The presence of genetic structure within a population can lead to spurious association signals (Marchini et al., 2004; Kang et al., 2008; Myles et al., 2009; Mezmouk et al., 2011; Cappa et al., 2013). Therefore, the analysis of the actual population structure of the durum breeding panel was intended to limit the FDR in the association analysis. The discriminant analysis of principal components (Jombart et al., 2010) clustered the 192 lines into four sub-populations. Nonetheless, the genetic differentiation between the four sub-populations was moderate (0.05 < Fst ≤ 0.15), whereas 85.2% of the genetic variation resided between individuals. Therefore, the association analysis accounted only for kinship (MLM-K model). The population structure is in agreement with known differences in pedigree, breeding program sources and era of testing in the trials, as described in our previous study (N’Diaye et al., 2017). Similarly, many other studies about genetic diversity changes in durum wheat germplasm over time revealed that most (up to 91%) of the variations were found between individuals within groups compared to that between groups (Henkrar et al., 2016).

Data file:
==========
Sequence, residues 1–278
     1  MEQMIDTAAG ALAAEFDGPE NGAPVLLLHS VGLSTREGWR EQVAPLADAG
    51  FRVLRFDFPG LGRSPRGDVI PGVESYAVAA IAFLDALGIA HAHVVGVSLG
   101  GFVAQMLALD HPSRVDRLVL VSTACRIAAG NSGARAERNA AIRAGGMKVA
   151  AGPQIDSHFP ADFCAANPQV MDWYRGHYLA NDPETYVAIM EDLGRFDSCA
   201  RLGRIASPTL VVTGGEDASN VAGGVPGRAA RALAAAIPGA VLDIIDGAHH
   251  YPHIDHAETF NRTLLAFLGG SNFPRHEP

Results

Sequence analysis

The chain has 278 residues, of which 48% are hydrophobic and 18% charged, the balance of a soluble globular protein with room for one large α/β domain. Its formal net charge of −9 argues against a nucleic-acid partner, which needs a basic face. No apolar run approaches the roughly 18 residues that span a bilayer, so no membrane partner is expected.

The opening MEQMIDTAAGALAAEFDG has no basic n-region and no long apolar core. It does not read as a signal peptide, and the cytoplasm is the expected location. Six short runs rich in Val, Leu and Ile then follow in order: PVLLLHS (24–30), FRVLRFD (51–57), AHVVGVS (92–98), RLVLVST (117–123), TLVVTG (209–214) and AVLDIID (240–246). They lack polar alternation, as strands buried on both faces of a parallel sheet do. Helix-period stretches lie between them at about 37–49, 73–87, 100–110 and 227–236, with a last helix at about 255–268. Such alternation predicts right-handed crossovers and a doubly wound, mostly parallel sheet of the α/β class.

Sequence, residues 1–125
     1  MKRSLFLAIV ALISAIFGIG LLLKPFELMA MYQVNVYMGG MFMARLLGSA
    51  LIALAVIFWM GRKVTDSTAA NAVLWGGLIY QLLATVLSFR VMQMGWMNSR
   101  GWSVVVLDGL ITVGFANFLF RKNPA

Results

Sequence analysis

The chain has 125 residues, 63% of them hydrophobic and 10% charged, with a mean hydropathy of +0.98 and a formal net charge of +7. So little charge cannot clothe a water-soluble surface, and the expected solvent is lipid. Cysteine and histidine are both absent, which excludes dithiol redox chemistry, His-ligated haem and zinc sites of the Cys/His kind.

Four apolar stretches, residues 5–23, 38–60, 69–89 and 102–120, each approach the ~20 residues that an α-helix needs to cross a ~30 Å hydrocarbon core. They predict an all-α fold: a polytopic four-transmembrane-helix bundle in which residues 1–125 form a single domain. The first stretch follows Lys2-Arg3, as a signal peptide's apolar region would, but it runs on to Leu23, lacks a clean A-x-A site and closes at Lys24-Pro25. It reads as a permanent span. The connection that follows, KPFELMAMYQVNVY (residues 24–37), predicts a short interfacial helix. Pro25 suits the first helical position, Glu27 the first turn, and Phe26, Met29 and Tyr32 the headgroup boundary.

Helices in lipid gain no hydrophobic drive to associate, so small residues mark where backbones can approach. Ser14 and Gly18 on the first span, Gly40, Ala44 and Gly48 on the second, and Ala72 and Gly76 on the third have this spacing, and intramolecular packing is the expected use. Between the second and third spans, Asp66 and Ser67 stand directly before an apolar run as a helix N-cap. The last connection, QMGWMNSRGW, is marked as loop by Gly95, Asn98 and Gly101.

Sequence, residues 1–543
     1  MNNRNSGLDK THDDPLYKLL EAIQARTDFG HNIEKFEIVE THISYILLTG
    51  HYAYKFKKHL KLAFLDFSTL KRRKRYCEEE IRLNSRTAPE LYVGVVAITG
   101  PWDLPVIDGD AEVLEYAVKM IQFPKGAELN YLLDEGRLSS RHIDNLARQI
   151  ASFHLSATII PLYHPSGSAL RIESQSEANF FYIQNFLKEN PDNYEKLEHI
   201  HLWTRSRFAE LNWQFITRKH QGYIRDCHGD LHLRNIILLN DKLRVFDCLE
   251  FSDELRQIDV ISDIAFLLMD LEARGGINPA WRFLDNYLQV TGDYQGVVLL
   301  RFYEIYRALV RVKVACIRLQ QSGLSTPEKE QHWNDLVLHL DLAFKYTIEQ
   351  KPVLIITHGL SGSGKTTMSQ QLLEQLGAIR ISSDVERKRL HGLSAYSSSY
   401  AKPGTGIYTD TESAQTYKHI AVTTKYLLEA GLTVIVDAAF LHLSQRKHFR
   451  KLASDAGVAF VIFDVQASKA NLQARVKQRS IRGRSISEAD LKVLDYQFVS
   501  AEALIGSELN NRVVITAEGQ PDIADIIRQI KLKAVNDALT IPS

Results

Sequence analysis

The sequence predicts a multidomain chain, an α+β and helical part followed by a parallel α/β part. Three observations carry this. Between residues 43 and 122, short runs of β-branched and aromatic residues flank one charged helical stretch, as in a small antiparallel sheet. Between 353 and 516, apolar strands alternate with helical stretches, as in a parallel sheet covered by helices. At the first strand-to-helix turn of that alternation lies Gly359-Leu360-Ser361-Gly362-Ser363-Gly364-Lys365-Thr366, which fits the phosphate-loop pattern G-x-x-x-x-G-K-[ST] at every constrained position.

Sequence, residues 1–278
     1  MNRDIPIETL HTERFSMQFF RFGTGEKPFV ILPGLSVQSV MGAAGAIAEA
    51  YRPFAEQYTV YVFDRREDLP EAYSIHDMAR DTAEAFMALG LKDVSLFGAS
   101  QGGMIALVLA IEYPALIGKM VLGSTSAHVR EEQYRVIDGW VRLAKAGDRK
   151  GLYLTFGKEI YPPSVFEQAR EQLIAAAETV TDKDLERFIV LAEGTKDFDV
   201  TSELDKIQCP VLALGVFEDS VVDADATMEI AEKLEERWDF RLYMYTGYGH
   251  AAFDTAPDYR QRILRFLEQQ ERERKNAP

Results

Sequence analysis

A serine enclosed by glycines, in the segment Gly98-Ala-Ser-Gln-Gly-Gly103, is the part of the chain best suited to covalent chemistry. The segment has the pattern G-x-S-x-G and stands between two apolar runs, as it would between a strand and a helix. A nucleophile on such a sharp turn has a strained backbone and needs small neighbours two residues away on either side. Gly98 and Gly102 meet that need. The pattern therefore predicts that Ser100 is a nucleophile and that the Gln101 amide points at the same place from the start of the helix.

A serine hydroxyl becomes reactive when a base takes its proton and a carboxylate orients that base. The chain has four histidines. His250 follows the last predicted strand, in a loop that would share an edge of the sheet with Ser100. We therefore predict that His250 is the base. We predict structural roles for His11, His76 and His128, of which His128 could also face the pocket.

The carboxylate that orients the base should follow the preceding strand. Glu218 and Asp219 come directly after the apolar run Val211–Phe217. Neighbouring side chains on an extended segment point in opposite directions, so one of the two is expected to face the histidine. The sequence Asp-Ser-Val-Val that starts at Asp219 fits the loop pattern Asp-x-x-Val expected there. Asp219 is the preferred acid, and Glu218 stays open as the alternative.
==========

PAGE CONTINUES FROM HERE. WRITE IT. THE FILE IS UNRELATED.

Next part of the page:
Durum breeding began in Canada in the early 1950s, with the first locally-bred cultivar registered in 1963. The Canadian wheat industry has strict processing quality requirements for registration of durum cultivars, so the majority of breeding crosses involve closely-related local materials, with relatively little use of either introduced modern cultivars or landraces except where absolutely necessary to introduce a new trait. Genetic diversity in the registration trials changed over time, declining during the first 20 years of breeding in Canada when the germplasm shifted from introduced cultivars in the 1940s and 1950s to locally-bred lines in the 1970s (Figure 1). Diversity increased in the late 1980s and early 1990s coinciding with introgression of higher yellow pigment concentration, gluten strength and low grain cadmium concentration (Clarke J.M. et al., 2010), and with major expansion of Canadian durum breeding programs due to increased funding. The sources of these traits were improved cultivars from CIMMYT, Germany, Italy, and United States. Further cycles of crossing and selection then reduced diversity observed during the past decade to a level similar to the 1970s. In contrast, a relatively stable diversity over 25 years was observed in the CIMMYT Elite Spring Wheat Yield Trial (Dreisigacker et al., 2012), probably reflecting consistent usage of diverse parents to meet requirements for adaptation to global production environments. Similarly, the impact of traits improvement on allelic changes over time has been described in Canadian bread wheat cultivars (Fu and Somers, 2011).